The urgent plea was made at the charity’s Infant Car Seat Research seminar on Wednesday 9 November at The Foundry, London. The event, attended by many major car seat manufacturers and retailers, examined the findings of a new and potentially worrying study on the health impact on babies travelling in cars in infant car seats.

The study funded by The Lullaby Trust and published in the Archive of Childhood Diseases in 2016  ‘Is the infant car seat challenge useful? A pilot study in a simulated moving vehicle’ assessed the impact of motion on infants seated in a car seat in a laboratory setting. Researchers found that both term and pre-term infants showed signs of potentially adverse cardiorespiratory effects when seated in an upright position at 40°.

Speaking at the seminar, The Lullaby Trust’s chief executive Francine Bates said:  ‘We believe that parents should be given informed and evidence based advice when they purchase car seats.  There is a tendency to focus on how best to fit a car seat and strap a baby in, but information on the potential health risks associated with driving long distances is not usually offered.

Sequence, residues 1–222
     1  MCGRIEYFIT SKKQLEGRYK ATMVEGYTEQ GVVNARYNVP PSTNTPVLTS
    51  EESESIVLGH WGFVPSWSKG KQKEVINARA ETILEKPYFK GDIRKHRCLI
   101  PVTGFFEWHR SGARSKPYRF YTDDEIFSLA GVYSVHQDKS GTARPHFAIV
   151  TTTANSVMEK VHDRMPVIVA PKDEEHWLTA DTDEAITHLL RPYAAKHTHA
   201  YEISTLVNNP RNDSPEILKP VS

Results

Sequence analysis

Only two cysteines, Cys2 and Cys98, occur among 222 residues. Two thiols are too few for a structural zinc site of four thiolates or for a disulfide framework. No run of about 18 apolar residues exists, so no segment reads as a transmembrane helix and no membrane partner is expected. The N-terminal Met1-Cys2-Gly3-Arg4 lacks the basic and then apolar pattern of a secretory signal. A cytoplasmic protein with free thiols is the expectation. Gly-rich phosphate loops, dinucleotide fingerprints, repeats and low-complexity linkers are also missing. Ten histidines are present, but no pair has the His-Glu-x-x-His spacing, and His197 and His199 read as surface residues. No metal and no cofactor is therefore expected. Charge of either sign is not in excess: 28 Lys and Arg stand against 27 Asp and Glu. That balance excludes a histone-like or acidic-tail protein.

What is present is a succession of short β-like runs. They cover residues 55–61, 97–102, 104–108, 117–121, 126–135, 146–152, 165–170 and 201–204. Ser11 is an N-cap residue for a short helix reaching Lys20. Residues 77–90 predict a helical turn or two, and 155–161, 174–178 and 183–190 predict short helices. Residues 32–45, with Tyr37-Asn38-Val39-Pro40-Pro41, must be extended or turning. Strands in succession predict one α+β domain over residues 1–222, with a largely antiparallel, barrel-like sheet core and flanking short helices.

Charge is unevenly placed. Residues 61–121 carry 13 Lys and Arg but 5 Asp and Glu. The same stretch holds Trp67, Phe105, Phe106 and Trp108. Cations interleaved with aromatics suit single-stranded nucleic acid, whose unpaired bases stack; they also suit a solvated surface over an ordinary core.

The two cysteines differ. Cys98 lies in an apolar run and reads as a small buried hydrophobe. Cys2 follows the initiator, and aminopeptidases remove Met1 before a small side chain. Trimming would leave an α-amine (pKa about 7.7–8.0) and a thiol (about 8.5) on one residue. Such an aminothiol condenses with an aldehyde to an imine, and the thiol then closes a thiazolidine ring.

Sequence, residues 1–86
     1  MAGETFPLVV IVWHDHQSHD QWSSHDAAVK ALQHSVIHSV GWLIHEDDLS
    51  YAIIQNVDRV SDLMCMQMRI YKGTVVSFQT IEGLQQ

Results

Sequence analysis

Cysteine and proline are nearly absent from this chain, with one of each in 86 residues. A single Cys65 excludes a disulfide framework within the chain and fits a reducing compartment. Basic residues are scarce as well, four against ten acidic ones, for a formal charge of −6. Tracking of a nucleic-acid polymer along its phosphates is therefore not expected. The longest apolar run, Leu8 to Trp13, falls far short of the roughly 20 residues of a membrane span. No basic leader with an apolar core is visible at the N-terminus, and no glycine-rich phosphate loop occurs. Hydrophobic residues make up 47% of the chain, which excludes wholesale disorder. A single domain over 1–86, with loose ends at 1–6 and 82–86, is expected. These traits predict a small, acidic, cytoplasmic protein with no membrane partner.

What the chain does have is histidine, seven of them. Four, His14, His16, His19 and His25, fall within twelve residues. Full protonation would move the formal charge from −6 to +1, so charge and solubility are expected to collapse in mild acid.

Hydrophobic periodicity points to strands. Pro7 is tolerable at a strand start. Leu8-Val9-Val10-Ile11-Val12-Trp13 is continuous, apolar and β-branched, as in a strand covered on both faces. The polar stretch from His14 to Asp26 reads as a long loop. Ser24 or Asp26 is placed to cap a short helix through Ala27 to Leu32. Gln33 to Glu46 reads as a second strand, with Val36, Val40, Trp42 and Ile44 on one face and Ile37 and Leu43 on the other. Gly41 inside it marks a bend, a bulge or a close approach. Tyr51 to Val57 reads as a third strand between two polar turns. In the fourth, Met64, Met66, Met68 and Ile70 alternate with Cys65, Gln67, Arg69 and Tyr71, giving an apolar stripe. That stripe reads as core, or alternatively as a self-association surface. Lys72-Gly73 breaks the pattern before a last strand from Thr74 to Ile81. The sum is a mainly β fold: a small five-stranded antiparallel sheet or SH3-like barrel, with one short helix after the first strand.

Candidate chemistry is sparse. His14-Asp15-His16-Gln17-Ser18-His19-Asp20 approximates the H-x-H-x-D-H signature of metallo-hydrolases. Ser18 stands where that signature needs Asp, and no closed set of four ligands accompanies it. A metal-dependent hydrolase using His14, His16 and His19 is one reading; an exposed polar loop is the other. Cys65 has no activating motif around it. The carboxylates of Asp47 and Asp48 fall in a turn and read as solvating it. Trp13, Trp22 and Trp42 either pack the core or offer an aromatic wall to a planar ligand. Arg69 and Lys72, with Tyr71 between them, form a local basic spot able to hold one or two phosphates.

‘We advise parents that they should avoid travelling in cars with pre-term and very young babies for long periods of time. Ideally, a second adult should travel in the back of the car with the baby and a mirror should be used so the driver can keep an eye on the baby at all times. If a baby changes its position and slumps forward, then parents should immediately stop and take the baby out of the car seat.

‘We are delighted that infant car seat manufacturers working with ourselves and the Baby Product Association have committed to producing stronger guidelines with us.’

The Lullaby Trust, which funds research on infant deaths has asked researchers to submit a proposal for a further study monitoring the impact of vibrations on babies in cars on normal journeys.

Francine Bates adds: ‘This research was a pilot study and we need to find out a lot more about the effects of vibration on a baby, particularly over periods of distance and also at different ages. I hope that the infant car seat industry will give some consideration to helping us fund this work next year.”